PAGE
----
“Manufacturers are producing as much as we possibly can, and whether the DPA is in effect or not, you know, manufacturers aren’t going to be compelled to do the right thing because we already are. That said, if there is a way for DPA to be helpful, for instance… but the fact of the matter is manufacturers are doing everything we can every single day to meet the significant needs for personal protective equipment medical supplies.”

On the Media:

“I want to thank everybody in the media for the crucial role that you’re playing. I realize that these are tough times. I realize that these are times when tempers flare, but there is no more important freedom that we enjoy than the First Amendment to our Constitution, and I want to personally thank you on behalf of the nation’s 13 million manufacturers and their families. I want to thank you for all you do to protect our nation’s freedoms and to get the news and the word out.”

To watch the full video of the remarks, click here.

NAM

The National Association of Manufacturers is the largest manufacturing association in the United States, representing small and large manufacturers in every industrial sector and in all 50 states. Manufacturing employs more than 12.8 million men and women, contributes $2.37 trillion to the U.S. economy annually and has the largest economic multiplier of any major sector and accounts for 63% of private-sector research and development. The NAM is the powerful voice of the manufacturing community and the leading advocate for a policy agenda that helps manufacturers compete in the global economy and create jobs across the United States. For more information about the Manufacturers or to follow us on Twitter and Facebook, please visit www.nam.org.

Press Releases

Manufacturers’ Survey Reveals Current Industry Impact of COVID-19

Washington, D.C. – The National Association of Manufacturers released the findings of a survey of manufacturing leaders examining the economic and operational impacts of COVID-19. This survey informed the NAM’s “COVID-19 Policy Action Plan Recommendations” released earlier this week, which highlighted key policy areas where legislative and administration action would help combat COVID-19 and future public health emergencies successfully.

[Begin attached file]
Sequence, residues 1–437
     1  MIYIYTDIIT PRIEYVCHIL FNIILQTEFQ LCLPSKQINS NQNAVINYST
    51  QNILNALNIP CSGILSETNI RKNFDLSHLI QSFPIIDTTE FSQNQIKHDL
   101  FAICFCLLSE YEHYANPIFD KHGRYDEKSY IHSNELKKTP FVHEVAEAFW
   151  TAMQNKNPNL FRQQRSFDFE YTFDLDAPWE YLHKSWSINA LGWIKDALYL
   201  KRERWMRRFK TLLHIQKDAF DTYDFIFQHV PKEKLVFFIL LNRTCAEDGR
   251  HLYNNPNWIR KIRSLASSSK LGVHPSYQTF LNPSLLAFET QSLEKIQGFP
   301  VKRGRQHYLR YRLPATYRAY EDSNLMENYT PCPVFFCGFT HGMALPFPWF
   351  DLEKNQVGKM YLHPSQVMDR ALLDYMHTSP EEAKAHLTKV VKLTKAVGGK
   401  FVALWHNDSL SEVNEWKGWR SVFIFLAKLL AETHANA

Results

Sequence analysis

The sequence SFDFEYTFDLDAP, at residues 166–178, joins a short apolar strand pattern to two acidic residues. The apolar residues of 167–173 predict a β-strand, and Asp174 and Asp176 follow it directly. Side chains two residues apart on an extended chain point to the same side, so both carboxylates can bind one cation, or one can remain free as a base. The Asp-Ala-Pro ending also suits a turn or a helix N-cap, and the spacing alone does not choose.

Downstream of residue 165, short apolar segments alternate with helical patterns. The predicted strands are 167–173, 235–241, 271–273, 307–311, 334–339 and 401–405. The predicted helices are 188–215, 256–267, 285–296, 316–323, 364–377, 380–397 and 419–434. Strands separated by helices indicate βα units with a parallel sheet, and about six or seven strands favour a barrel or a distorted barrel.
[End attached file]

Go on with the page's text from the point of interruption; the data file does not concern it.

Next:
Survey highlights include the following:

  • 78.3% of manufacturers anticipate a financial impact
  • 53.1% of manufacturers anticipate a change in operations
  • 35.5% of manufacturers are facing supply chain disruptions

“Already, manufacturers are grappling with disruptions to their businesses due to the COVID-19 outbreak, with many anticipating financial and operational consequences—even before some of the developments of this week. The federal government can take steps to further equip manufacturers to deal with COVID-19 by implementing the NAM’s ‘COVID-19 Policy Action Plan Recommendations,’” said NAM President and CEO Jay Timmons. “Across the country, manufacturers are stepping up to keep their employees and their communities safe and healthy, and working closely with elected officials, we can ensure the resilience not only of our companies but also our country.”

Read the full survey results here.

-NAM-

The National Association of Manufacturers is the largest manufacturing association in the United States, representing small and large manufacturers in every industrial sector and in all 50 states. Manufacturing employs more than 12.8 million men and women, contributes $2.37 trillion to the U.S. economy annually and has the largest economic multiplier of any major sector and accounts for 63% of private-sector research and development. The NAM is the powerful voice of the manufacturing community and the leading advocate for a policy agenda that helps manufacturers compete in the global economy and create jobs across the United States. For more information about the Manufacturers or to follow us on Twitter and Facebook, please visit www.nam.org.

Policy and Legal

Manufacturers Call for IP Protections to Secure Innovation

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On Wednesday, National Association of Manufacturers Director of International Business Policy Ryan Ong testified before the Special 301 Subcommittee of the Trade Policy Staff Committee on the global intellectual property challenges and priorities for manufacturers in the United States. While manufacturers have long called for stronger intellectual property protection, Ong’s testimony comes at a time when IP theft has been on the rise; a 2017 report by the Commission on the Theft of Intellectual Property found that stolen ideas, brands and inventions drain up to $600 billion from the U.S. economy—nearly double the amount found just four years previously.